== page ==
The Ministry of Kampala Capital City and Metropolitan Affairs has appealed to Parliament for an appropriation of 40 billion Ugandan Shillings to compensate former tenants of the Nakawa-Naguru housing estate. The compensation is sought for those displaced to make way for a Satellite City project by Opec Prime, a private investor, which was later canceled.
The government initially evicted the tenants to facilitate the construction of the Satellite City. However, following the project’s failure, the Cabinet decided to cancel the agreement and allocate the land to multiple private developers. The compensation request was presented by Sadat Kisubi, Assistant Commissioner of Finance and Planning in the President’s Office, during an appearance before the Presidential Affairs Committee to discuss the 2024/25 national budget framework for the Ministry of Kampala.
The issue of compensation has been ongoing for years, with a funding gap of 40 billion Shillings. Kisubi emphasized the urgency of resolving this matter, noting that some individuals are facing health challenges, and it would be unfortunate if they passed away without receiving their compensation.
Naome Kabasharira, MP Rushenyi County, expressed frustration at the government’s failure to compensate those displaced from their homes, especially after the Opec Prime Project failed to materialize. The compensation offer of 40.562 billion Shillings made in April 2022 was rejected by the former tenants, who considered it inadequate. Instead, they proposed that the government secure about 30 acres of land for them to develop independently.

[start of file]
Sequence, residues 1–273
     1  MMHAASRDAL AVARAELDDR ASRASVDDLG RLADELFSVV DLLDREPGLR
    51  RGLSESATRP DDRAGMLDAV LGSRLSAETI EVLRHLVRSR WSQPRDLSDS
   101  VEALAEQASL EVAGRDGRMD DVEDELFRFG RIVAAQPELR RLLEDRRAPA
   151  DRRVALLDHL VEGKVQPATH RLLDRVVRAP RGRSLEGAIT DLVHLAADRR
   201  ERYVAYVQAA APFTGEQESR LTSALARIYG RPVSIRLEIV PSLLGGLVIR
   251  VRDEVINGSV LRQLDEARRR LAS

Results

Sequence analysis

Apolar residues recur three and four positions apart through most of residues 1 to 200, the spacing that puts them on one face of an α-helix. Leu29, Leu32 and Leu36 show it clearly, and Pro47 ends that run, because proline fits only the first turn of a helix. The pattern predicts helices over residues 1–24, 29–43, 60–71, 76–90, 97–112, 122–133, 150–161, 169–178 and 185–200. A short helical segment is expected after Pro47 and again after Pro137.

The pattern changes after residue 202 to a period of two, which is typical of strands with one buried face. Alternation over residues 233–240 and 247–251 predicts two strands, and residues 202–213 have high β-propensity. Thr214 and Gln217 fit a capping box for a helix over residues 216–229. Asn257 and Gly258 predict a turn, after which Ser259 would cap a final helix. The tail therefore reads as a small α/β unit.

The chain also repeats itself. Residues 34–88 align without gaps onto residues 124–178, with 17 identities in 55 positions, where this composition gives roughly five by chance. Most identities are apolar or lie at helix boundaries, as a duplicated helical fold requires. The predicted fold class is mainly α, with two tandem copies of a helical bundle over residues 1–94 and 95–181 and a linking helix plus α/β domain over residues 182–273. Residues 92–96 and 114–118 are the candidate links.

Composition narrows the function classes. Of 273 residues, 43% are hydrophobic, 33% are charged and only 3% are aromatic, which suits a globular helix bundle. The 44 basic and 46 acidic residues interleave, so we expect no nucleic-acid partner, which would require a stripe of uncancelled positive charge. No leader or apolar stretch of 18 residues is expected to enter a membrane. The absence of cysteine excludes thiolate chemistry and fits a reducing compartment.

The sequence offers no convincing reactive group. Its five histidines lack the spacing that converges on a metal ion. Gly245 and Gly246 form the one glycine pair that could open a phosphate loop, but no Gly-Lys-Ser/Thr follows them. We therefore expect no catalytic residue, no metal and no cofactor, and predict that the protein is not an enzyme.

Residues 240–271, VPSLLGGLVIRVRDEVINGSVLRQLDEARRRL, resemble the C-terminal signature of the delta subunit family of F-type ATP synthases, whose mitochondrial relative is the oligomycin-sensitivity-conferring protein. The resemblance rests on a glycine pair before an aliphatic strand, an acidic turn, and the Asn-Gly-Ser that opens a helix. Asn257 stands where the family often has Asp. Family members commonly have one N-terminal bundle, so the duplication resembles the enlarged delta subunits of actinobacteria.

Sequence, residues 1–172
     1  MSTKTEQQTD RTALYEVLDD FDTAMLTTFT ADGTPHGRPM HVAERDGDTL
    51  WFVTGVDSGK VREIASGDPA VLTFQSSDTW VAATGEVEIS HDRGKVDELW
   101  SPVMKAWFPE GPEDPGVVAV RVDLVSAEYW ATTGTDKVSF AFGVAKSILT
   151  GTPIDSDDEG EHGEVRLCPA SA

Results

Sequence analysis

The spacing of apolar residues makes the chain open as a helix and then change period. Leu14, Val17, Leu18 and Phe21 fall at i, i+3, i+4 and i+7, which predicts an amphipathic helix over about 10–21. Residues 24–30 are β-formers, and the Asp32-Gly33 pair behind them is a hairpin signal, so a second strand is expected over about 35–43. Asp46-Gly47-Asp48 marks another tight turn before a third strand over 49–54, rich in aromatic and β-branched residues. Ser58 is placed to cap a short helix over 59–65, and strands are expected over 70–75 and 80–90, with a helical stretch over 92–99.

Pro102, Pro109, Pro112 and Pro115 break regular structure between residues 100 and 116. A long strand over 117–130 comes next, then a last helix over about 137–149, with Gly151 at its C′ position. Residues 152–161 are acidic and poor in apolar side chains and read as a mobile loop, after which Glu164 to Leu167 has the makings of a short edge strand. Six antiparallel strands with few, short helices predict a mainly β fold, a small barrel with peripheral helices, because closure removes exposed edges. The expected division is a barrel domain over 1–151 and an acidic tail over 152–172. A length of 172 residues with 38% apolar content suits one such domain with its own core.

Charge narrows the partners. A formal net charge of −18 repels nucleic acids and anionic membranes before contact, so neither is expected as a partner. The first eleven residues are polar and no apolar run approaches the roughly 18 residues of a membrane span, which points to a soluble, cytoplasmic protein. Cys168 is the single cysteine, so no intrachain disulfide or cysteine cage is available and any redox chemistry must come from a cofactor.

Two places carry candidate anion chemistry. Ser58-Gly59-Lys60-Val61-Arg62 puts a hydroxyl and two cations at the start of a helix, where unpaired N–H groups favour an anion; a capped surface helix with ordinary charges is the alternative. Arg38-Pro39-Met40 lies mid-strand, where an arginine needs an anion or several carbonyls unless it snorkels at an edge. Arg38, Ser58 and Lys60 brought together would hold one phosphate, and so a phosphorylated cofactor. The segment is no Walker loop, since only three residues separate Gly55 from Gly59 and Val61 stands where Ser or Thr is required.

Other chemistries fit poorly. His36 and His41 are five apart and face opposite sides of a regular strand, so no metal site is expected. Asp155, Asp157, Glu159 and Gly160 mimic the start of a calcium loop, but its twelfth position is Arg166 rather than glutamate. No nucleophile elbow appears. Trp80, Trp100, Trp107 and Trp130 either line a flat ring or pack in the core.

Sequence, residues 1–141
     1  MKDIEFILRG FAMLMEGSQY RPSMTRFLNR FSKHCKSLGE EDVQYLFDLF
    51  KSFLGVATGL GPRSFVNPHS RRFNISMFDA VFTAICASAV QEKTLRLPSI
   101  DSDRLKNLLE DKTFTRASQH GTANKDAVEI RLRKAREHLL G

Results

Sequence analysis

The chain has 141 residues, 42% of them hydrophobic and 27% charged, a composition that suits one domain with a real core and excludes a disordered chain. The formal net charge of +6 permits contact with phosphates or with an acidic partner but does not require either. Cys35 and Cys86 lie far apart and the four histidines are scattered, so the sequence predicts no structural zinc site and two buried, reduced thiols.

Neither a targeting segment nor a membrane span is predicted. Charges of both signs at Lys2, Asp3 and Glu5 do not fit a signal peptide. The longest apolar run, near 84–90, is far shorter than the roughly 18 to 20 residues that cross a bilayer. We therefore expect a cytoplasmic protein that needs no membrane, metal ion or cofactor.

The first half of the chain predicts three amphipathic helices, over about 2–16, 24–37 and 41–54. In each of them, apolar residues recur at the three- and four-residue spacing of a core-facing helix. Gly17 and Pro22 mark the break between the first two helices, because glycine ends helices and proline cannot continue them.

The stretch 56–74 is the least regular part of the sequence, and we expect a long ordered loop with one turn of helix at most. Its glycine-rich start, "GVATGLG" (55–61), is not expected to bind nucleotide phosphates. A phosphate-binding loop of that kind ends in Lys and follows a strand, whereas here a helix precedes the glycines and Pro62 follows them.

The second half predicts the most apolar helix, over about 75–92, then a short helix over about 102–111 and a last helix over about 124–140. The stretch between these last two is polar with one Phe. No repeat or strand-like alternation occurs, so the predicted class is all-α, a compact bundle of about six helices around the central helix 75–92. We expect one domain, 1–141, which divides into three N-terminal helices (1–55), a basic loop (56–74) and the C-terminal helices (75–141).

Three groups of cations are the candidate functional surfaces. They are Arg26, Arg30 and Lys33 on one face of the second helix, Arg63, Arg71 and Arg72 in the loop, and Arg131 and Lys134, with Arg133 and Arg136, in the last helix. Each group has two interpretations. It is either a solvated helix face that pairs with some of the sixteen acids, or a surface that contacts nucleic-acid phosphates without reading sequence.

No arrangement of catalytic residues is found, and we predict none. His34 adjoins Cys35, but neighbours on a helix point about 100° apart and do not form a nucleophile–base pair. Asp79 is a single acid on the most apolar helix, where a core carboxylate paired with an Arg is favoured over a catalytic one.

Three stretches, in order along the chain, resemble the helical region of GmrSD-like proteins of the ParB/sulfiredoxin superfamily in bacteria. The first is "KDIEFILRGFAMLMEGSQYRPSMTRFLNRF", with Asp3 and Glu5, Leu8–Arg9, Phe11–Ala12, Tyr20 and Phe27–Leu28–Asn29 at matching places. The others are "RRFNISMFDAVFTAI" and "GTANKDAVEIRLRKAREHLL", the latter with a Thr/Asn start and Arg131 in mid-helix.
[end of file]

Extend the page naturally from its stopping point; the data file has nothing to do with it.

Maj Gen Henry Matsiko, Army MP, questioned the delay in addressing these compensations, considering the sensitivity of the matter. In response, Kisubi highlighted the complexity of the issue and the need for a comprehensive resolution.
In addition to the compensation request, Minister for Kampala and Metropolitan Affairs, Minsa Kabanda, called on Parliament to enact a law prohibiting the public from giving money and items to street children. She argued that the government spends significant resources relocating vulnerable children, who often return to the streets with the expectation of receiving money.
The minister’s request for legislative intervention comes amidst ongoing challenges in dealing with street children, and she emphasized the need for a more sustainable solution beyond budget allocations for periodic operations.